Salmana

Biological Sciences at Oxford

UCAS Personal Statement

The study of the sciences, and Biology in particular, appeals to me as it aims to understand the mechanisms of life through experiments and systematic observation. During a recent visit to the Horniman Museum and Gardens, I was mesmerised by the preserved specimens from across the world from the Indian Ocean to humid Amazonian rainforests, which displayed the delicate complexity and allure of the natural world. The structure of brain coral piqued my curiosity, inspiring me to read more about its vital role in species interdependence in the marine biome.

 

Completing a University of Edinburgh MOOC on Astrobiology led me to explore the prospect of extra-terrestrial life existing on exoplanets. I had previously assumed that the evolution of life could only be supported on exoplanets whose conditions - molecular composition and positioning within a solar system - are similar to those on Earth. However this MOOC highlighted the possibility that we could one day discover life forms capable of existing in vastly different conditions, potentially revolutionising how we understand evolution. Intrigued to learn more about the biological and physical mechanisms that cause life to develop, I read Lewis Wolpert's 'How We Live and Why We Die', and discovered more about the different stages of development through which fully functioning organisms evolve from a single undifferentiated cell. I found his chapter on the Hans Driesch experiment fascinating, as Driesch showed how the separation of larvae at the two-cell stage leads to the formation of separate smaller sea urchins, a seminal development in the field of experimental embryology. I aspire to contribute to scientific research, finding answers to these perplexing questions.

 

My interest in genetics was confirmed when I attended a lecture at Imperial on Zinc Finger Proteins, through which I learnt about the benefits of these gene editing tools in comparison with CRISPR-Cas9. I found out more about the technical aspects of the gene editing process, such as the use of the Cas-9 enzyme to target and edit a gene locus to prevent the onset of diseases. Inspired by this, I read Hwang's 2013 paper 'Efficient In Vivo Genome Editing Using RNA-Guided Nucleases', to understand how zinc finger nucleases utilise protein protrusions that target DNA with greater precision than CRISPR-Cas9. Reading about the recent controversial case of the world's first gene-edited babies made me realise the far-reaching implications of this field on wider society.

 

Participating in the UCL Summer Challenge for Natural Sciences broadened my mathematical knowledge. When exploring chaos theory, I became aware of its vast theoretical applications, such as in weather prediction models. Moreover, I worked in a group to present a scientific poster on the relevance of chaos across neuronal networks. Using Matlab to code differential equations, I displayed the Hodgkin-Huxley model using the Fitzhugh-Nagumo system. This mimicked action potentials within squid giant axons, displaying how electrochemical impulses are initiated and propagated in neurons. Using mathematical and biochemical principles to understand changes occurring of a molecular scale, which have an extensive impact on whole organisms, is another aspect which draws me to this course.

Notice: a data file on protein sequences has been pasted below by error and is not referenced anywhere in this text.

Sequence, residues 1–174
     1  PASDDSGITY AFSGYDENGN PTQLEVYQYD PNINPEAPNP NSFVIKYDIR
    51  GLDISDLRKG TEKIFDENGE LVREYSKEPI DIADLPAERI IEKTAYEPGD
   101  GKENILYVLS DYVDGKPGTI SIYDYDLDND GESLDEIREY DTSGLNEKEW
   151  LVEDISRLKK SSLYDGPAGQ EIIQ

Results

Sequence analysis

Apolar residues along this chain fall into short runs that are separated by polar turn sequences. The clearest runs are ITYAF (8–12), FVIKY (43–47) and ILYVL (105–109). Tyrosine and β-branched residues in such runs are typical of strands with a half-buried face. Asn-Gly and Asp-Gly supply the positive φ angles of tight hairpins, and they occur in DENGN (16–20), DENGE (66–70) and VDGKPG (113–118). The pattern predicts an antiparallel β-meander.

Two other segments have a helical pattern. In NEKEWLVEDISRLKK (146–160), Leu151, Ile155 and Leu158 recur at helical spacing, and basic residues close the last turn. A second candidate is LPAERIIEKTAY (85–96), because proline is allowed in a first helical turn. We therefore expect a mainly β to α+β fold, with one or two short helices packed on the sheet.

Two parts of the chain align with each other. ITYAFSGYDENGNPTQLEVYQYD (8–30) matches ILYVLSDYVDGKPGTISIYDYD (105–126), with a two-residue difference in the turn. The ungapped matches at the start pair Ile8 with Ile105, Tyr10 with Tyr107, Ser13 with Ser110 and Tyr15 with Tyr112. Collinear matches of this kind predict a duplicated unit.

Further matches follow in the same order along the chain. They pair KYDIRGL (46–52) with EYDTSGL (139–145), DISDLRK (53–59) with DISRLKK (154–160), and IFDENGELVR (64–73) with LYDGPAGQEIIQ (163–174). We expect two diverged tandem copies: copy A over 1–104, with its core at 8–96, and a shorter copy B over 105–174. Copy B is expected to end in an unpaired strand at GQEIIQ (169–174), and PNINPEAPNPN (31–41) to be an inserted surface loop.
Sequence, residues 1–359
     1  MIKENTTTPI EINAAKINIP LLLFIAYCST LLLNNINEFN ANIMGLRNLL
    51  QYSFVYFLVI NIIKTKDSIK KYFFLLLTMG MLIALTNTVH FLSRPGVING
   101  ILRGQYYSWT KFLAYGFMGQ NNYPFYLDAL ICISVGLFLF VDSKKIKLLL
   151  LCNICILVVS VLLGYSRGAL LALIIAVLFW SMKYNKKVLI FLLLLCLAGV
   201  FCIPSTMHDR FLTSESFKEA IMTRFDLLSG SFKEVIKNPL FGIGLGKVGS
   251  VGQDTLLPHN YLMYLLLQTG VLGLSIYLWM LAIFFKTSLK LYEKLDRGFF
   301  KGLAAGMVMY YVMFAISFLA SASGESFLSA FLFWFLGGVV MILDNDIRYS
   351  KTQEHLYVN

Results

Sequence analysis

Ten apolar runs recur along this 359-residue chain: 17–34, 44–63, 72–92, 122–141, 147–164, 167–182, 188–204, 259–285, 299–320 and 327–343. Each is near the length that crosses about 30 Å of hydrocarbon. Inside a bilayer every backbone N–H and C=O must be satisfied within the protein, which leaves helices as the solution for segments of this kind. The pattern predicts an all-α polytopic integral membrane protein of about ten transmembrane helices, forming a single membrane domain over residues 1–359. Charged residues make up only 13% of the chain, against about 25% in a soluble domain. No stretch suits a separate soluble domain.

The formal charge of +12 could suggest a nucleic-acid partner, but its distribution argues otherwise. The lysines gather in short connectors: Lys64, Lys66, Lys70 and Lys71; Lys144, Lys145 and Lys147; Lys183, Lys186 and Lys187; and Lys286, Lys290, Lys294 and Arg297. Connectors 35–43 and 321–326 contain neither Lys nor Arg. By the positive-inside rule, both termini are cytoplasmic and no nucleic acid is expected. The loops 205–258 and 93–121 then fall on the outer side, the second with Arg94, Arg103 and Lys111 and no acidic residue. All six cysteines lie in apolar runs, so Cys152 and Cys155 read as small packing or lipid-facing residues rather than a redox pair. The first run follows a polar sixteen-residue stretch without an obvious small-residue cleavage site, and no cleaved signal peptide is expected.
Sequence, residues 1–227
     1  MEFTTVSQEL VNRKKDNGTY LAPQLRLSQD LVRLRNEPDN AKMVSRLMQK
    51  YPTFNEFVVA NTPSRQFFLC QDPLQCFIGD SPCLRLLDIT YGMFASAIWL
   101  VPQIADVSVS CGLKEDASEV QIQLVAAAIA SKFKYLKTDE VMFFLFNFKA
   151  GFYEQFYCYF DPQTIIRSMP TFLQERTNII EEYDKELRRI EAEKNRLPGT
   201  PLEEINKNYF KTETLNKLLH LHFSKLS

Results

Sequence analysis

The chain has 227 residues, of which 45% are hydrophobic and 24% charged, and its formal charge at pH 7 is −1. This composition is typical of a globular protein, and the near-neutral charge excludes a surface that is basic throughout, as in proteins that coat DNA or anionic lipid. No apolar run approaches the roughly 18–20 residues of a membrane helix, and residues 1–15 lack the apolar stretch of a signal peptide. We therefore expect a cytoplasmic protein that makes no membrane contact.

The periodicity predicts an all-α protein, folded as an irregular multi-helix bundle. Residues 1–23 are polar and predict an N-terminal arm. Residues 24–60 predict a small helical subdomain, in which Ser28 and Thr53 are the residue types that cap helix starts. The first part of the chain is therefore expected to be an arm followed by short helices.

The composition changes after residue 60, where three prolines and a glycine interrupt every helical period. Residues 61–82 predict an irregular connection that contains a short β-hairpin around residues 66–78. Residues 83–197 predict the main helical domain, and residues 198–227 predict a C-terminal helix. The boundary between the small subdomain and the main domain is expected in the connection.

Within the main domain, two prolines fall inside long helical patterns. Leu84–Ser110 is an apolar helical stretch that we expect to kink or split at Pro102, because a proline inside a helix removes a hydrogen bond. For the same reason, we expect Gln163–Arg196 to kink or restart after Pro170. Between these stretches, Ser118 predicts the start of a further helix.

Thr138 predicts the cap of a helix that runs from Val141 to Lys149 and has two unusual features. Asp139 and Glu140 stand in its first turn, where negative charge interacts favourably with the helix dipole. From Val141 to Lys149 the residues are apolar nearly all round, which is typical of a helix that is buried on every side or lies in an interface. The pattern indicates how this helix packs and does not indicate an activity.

Competing in the Debating Club has allowed me to construct arguments, develop and explain points of views, and improve my critical thinking skills. Debating has also given me experience of constructing evidence-based judgements and navigating through the dichotomies that science often presents. I look forward to utilising these skills throughout my time at university, and hope to immerse myself in the vast biological research that seeks to understand the natural environment.

Behind the Statement

How did you make start on your personal statement or begin planning?

I started by looking at the notes I made at lectures, summer schools and articles that I read, explaining them briefly but in a connected way.

How did you decide what experiences to include in your personal statement? What did you cut out?

Compared all of them, see which one was the most relevant to my degree but also somewhat unconventional to distinguish myself from other candidates.

How did you get these experiences in the first place?

access opportunities sent by my school in an "access roundup"

How did you structure your personal statement? 

personal interest - MOOC - book - lecture - article - summer school - extra-curricular activities (80% super-curricular, 20% extra-curricular)

How did you decide on an introduction for your personal statement?

based on what interested me in biology rather than other sciences - explaining my passion

How did you decide on a conclusion for your personal statement?

I just spoke briefly about my extra-curricular activities as this had not been mentioned in the previous paragraphs.

What do you think are the strengths of your personal statement?

It is quite academic and it displays my passion for biology in an intellectual sense. It is also focused on the aspects I enjoy about biology but I also kept it broad to appeal to different university courses.

Is there anything you wish you knew beforehand/advice? 

the best way to it structure - I think this occurs naturally once you continue drafting and re-drafting it